A final rule that codifies under its Regulations Y and LL certain “tiered” presumptions in determining when a firm has obtained control of a bank, or vice versa – thus subjecting that firm or bank to the agency’s regulatory and supervisory authority – was approved unanimously Thursday by the Federal Reserve Board governors and will take effect April 1.
According to the Fed, the final rule clarifies, rationalizes and memorializes in regulation the board’s control standards under the Bank Holding Company Act (BHCA) and Home Owners’ Loan Act HOLA) by establishing a series of presumptions of control based on particular relationships between one company and another company.
The key factors considered in determining ownership include a company’s total voting and non-voting equity investment in the bank; director, officer, and employee overlaps between the company and the bank; and the scope of business relationships between the company and the bank. The tiered presumptions provided in the final rule are listed in the table below.
The Fed notes that the final rule, largely consistent with the proposed rule, retains most presumptions that have been held in the past over bank control and presents these in a comprehensive, public framework. In the past, control reviews were situation-specific and often followed precedents that were not available to firms or the public, it noted.
Some changes from past practice are reflected in the final rule, but the Fed describes these as “generally technical” in nature and not expected to have a major impact on the banking industry. “Importantly, the final rule significantly improves the transparency and predictability around questions of controlling influence,” according to the notice prepared for the Federal Register.
Certain past presumptions are eliminated by omission from the final rule. These “targeted adjustments” are deemed appropriate by the board “based on its experience over the past few decades.”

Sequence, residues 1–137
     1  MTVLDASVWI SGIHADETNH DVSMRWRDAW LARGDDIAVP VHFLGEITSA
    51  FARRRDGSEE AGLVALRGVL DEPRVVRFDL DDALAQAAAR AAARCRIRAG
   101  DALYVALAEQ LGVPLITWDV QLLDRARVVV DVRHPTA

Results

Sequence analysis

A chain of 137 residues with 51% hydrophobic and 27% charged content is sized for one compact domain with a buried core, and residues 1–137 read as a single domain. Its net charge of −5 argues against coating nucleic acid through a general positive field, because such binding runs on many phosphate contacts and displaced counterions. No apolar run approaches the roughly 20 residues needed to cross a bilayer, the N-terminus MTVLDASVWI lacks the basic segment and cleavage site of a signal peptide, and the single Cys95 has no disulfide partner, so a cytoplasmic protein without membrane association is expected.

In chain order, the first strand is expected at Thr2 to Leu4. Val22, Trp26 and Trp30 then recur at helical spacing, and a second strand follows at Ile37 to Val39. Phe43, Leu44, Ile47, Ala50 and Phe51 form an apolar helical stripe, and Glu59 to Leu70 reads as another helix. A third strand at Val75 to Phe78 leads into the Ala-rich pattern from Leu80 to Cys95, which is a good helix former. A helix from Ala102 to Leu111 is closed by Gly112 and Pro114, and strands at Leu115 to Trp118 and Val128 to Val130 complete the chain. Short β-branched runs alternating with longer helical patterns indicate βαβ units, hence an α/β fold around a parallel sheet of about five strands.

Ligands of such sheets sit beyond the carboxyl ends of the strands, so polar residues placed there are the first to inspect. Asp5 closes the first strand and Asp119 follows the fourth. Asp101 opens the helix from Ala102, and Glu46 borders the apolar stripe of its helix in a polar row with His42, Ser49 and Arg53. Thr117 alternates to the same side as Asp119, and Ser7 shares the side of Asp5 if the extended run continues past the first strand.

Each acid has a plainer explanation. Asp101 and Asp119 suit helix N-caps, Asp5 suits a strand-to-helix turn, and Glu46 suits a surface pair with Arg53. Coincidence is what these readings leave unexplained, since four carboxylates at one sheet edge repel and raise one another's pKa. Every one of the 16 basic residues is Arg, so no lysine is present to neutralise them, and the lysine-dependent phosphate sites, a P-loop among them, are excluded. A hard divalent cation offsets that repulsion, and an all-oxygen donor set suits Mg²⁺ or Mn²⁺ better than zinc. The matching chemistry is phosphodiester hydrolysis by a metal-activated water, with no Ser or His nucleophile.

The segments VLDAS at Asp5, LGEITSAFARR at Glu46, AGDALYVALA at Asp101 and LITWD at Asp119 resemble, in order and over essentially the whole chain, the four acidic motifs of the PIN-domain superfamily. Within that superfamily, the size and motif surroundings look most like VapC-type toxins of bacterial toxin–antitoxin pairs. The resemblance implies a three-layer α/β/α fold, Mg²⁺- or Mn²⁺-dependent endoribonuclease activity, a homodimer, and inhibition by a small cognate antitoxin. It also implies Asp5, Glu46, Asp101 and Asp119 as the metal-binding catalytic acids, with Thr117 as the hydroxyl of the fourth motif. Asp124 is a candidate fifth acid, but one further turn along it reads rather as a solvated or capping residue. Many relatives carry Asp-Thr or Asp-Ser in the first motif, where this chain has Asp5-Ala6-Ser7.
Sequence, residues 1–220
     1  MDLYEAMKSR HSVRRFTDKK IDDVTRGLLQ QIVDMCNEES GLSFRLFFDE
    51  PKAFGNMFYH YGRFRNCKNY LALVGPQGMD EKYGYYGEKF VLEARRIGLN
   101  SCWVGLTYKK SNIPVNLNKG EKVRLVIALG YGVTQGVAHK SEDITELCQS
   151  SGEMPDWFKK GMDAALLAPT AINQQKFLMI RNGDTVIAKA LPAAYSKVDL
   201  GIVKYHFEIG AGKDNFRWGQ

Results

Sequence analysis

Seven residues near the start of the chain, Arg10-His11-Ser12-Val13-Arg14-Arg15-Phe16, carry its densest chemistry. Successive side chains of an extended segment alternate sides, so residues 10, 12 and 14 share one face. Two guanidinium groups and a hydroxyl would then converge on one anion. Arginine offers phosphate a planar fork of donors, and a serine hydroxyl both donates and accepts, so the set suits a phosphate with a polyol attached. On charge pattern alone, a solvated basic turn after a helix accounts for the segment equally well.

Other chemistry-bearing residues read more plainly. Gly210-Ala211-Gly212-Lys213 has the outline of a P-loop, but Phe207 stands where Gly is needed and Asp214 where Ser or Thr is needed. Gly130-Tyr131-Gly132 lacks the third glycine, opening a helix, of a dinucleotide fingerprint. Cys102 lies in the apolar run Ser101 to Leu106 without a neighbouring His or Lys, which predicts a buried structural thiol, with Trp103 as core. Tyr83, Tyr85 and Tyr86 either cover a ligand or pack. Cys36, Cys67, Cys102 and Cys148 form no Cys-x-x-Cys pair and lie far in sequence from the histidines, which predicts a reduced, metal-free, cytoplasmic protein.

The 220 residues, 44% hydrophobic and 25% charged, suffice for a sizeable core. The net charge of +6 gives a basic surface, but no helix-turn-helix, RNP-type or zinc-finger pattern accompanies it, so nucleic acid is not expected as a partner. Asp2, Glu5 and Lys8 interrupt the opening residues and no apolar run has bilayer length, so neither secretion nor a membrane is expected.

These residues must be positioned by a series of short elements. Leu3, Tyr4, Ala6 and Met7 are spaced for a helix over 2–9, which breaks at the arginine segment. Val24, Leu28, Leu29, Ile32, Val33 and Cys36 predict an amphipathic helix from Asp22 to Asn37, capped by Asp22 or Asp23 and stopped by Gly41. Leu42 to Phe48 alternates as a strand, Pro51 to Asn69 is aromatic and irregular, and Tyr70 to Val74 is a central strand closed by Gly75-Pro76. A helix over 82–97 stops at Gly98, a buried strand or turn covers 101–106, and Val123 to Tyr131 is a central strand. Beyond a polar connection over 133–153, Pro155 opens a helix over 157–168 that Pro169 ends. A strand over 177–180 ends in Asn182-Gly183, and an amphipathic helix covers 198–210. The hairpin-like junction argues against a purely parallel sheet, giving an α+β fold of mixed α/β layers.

The final rule’s presumptions of control, consistent with the proposal, are arranged in tiers based on the level of voting securities of the first company in the second company, according to a summary in the final rule. Each of these presumptions applies where the first company has at least a specified level of voting securities in a second company, and another specified relationship with the second company. The presumptions use three thresholds for voting securities: 5%, 10%, and 15%.
Also consistent with the proposal, many of the other control factors referenced in the final rule also vary in magnitude. “For instance, business relationships between two companies can range from minimal to very significant, and more significant business relationships provides a greater means of exercising (and a greater incentive to exercise) a controlling influence than less significant business relationships,” it states. “In recognition of this, the presumptions in the final rule effectively assume that higher levels of business relationships, combined with higher levels of voting securities, increase the likelihood of the ability to exercise a controlling influence.”
In the past, the board has raised controlling influence concerns if a company with control over 10% or more of a class of voting securities of a second company: solicits proxies from shareholders of the second company on any issue; or threatens to dispose of its investment if the second company refuses to take some action desired by the first company. Consistent with the proposal, the final rule does not adopt either factor as a presumption of control.